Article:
Does time spent together count as a gift? Certainly the retail industry would scream blasphemyyyy with all the gusto of Howard Dean.
Caregiving and living with Multiple Sclerosis as a family was and is a seesaw in our story between caregiving and parenting.
Until our daughter, Megan, turned 16 we had never spent any kind of vacation that was not controlled by MS. Exacerbations or flare-ups aborted planned trip after trip in the 11th hour before departure. If we managed to get under way the same pitfalls shortened or modified those trips. Bladder and bowel accidents were beyond disruptive. Victories did happen, here and there, and they were treasured.
Attempts at time together while family or friends acting as Patti’s caregiver had some success but were haunted by injuries to those caring for Patti, or to Patti herself. Caregiving became increasingly physical and 24/7 demanding.
The advent of the care facility era was the first time that Megan and I could genuinely do something together and know that Patti was safe. That year Megan turned 16.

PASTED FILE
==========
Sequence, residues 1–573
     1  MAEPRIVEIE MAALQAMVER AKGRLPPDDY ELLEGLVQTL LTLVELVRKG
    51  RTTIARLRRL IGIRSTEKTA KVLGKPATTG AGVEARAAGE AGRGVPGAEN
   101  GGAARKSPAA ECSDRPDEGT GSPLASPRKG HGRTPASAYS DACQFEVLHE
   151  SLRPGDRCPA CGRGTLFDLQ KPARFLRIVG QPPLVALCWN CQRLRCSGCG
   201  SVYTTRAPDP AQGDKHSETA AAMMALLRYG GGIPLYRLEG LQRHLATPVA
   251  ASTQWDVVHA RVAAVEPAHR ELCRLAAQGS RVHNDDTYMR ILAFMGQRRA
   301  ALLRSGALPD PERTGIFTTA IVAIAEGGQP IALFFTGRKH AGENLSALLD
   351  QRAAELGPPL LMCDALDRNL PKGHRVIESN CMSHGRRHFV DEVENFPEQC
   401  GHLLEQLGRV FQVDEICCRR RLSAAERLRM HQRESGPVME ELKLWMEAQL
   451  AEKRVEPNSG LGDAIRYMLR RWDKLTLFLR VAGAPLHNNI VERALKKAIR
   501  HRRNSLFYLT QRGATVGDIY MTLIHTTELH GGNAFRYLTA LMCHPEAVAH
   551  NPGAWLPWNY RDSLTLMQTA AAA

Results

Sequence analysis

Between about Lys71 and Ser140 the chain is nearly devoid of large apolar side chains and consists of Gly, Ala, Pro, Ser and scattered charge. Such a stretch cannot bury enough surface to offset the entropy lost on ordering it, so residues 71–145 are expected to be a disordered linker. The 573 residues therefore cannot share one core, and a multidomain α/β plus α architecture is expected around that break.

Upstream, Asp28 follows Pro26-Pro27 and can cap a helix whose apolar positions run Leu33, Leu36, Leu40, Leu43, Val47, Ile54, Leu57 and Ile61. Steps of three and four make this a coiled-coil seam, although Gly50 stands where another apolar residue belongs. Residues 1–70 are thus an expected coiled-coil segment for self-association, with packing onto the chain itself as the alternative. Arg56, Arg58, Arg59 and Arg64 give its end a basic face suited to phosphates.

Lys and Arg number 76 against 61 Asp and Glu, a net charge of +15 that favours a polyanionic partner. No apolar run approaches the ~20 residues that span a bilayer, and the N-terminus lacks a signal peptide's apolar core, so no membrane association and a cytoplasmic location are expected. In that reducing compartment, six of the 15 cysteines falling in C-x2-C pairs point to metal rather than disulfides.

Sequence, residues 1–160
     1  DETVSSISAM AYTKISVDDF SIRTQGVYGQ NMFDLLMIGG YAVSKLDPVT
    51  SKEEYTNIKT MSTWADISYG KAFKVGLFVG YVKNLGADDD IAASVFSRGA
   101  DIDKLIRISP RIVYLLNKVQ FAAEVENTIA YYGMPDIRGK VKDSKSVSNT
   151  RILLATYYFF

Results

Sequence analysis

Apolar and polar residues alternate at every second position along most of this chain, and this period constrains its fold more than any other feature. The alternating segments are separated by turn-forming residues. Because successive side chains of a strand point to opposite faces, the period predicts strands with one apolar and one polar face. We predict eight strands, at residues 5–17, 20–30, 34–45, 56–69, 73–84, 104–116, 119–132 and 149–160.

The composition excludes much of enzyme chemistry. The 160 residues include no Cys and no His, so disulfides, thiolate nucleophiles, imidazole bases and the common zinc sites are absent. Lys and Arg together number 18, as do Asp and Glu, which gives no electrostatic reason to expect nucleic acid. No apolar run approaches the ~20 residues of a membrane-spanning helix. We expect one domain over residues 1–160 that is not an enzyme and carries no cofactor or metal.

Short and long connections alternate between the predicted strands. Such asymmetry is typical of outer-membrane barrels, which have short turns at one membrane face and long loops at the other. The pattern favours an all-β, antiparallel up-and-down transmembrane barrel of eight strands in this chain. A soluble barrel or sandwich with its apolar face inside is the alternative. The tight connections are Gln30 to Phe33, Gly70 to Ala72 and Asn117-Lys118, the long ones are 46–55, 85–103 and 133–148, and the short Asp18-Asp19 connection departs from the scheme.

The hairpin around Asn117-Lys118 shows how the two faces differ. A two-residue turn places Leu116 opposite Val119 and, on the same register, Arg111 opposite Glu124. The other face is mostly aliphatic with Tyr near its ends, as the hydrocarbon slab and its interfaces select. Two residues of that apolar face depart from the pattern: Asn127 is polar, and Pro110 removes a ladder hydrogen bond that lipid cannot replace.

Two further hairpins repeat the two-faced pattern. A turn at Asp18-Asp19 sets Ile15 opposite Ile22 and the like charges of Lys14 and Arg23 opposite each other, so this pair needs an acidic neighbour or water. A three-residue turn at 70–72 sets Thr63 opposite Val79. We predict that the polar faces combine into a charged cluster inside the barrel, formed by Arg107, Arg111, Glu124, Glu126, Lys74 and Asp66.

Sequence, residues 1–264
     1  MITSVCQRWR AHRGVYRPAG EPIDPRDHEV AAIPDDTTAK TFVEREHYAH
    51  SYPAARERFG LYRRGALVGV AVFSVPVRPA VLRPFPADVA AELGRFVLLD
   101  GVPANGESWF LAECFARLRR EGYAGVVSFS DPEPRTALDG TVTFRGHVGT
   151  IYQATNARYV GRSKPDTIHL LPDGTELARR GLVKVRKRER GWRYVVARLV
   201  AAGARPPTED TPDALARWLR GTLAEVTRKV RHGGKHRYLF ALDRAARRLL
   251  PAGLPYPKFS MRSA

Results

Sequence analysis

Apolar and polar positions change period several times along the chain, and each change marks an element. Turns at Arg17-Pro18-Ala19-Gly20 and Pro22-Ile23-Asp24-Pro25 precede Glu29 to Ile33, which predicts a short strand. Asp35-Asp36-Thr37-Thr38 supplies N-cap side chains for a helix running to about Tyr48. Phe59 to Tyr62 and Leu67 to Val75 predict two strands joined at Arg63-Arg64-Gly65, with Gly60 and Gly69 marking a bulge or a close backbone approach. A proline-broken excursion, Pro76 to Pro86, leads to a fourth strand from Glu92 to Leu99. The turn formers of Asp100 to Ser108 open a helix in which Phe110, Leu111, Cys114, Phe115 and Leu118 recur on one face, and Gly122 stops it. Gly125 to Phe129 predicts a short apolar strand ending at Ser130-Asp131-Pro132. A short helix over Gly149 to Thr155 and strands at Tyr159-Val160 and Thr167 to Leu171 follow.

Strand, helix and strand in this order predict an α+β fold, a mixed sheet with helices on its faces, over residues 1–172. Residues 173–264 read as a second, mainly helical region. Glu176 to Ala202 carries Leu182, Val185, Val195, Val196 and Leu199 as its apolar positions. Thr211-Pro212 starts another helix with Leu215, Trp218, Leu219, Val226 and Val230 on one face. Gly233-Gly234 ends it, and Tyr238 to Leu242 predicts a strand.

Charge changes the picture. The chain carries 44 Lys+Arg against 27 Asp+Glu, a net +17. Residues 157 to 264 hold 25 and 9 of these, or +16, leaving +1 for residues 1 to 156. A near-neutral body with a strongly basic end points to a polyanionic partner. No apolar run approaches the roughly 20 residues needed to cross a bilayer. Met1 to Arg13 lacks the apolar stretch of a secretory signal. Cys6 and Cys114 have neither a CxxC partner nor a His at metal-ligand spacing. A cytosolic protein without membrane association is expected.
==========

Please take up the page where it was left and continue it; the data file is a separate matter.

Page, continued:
Yes, I felt a need to catch up. … The following video ‘remembers’ one side of that seesaw year between the dawn of the care facility era and the phoenix dawn of father and daughter.
16th Birthday Road Trip (3 minutes)
A year later the care facility era continued to enable us to take spontaneous day trips to see, touch, and feel opportunity and dreams.
"The Gates" of Central Park (1 minute)
Like any seesaw, balancing caregiving and parenting can sometimes leave you crashing down on your butt when the other person slips off. <grin> Yet, to stop trying is not an option.
Caregivingly Yours, Patrick Leer